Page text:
By Shawn Nowlin email@example.com
The National League of Junior Cotillions is the nation’s leading character-education program and the only organization that trains and licenses directors to establish local cotillion programs. The primary purpose of the organization is to give students instruction in ballroom dance and practice in the social courtesies needed for better relationships with their families and friends.
As Director of the program’s Roanoke Valley Chapter, Leila Tomasone’s responsibilities include administering the local chapter of Junior Cotillion here in the Roanoke Valley, essentially as a franchisee.
“I network with the parents in the community to invite select fifth, sixth, seventh and eighth grade ladies and gentlemen to participate in the program,” she said. “I teach them essential social skills, etiquette, table manners, how to navigate relationships and the business world as they get older, and basic ballroom dance to make special occasions more fun and comfortable for them.”
Born and raised in St. Petersburg, Florida, Tomasone comes from a very large and close-knit family. Growing up, many of her cousins, aunts and uncles lived in the same neighborhood.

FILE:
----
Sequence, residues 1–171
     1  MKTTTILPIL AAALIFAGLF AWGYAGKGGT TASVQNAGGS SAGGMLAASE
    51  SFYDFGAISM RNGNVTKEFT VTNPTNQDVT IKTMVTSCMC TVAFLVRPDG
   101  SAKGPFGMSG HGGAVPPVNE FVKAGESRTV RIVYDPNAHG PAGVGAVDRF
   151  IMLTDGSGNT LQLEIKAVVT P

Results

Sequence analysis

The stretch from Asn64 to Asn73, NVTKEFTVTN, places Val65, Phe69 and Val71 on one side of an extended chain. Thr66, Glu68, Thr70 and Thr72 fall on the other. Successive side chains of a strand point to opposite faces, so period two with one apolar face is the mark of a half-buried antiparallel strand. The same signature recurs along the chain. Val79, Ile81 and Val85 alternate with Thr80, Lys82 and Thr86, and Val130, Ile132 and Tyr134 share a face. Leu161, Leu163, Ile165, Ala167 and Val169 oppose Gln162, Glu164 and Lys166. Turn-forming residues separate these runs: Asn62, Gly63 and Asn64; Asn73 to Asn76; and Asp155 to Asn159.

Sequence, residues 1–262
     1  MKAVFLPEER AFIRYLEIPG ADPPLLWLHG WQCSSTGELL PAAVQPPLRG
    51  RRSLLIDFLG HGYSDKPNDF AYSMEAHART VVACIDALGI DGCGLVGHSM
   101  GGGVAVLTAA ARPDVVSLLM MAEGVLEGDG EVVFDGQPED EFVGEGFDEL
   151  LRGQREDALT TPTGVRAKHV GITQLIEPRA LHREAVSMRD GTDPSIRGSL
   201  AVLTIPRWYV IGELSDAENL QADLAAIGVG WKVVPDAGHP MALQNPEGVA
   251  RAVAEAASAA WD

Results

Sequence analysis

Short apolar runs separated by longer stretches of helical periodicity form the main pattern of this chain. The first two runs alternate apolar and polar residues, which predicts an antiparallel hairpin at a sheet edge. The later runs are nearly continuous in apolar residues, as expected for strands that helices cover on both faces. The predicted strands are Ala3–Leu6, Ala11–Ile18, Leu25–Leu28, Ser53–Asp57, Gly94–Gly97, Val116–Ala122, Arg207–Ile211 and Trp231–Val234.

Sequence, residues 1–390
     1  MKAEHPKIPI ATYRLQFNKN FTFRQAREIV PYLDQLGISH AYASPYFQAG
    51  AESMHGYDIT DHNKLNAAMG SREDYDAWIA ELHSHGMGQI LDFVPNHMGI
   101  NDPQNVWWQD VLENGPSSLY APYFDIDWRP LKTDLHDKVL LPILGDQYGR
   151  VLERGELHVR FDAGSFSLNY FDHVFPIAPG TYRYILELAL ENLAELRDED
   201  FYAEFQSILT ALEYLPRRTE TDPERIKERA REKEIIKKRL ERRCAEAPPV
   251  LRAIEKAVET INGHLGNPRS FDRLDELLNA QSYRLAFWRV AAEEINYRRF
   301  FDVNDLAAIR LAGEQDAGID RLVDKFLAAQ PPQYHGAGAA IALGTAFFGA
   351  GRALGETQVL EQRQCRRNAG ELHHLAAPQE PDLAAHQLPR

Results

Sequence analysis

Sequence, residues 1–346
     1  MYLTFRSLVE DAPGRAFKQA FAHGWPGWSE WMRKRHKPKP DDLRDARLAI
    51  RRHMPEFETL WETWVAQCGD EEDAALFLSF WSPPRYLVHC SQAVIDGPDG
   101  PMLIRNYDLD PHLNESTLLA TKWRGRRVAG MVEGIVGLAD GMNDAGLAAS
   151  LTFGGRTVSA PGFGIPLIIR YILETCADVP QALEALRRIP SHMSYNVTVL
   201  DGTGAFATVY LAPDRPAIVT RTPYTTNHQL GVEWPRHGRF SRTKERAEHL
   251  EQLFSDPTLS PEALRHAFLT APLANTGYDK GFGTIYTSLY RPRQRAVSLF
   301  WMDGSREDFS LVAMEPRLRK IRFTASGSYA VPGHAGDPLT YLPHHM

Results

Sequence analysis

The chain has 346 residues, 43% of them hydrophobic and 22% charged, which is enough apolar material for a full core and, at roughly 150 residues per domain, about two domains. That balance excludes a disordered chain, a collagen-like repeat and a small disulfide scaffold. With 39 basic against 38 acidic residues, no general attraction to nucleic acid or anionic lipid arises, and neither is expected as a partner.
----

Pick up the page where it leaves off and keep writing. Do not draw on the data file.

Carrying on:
“We would walk to school together at St. Paul’s Catholic, which is where my mom went to school, and everyone attended church and events like the annual Fall Festival. I have one younger brother and one younger sister. My dad is an architect who started his own practice in St. Pete, so I’ve always been in and around his business,” she said.
Tomasone added, “I was always very interested in International Relations and studied abroad several times in college, the first trip which was financed by winning a pageant called Junior Sungoddess, which may have been when I first became interested in learning social etiquette. We wore fancy dresses and, of course, there were homecomings and proms and then the Sungoddess pageant in college as well as my friends’ Debutante Balls, that piqued my interest in the social graces and these traditions of how society prepares young people for adulthood.”
Tomasone met her husband Derek through mutual friends at a summer evening event in July 2017 atop the Penthouse, formerly the Center in the Square in downtown Roanoke.
“It was so romantic! The setting was so beautiful, and we were immediately enamored with each other. That same night he took me salsa dancing down the street at Leonore Restaurant and we danced the night away,” Tomasone said before adding, “He and our two girls have been super supportive of my business endeavors, both as a relationship coach and now a Cotillion Director.”
For more information, email Tomasone at firstname.lastname@example.org or visit nljc.com/chapter/roanokevalley.
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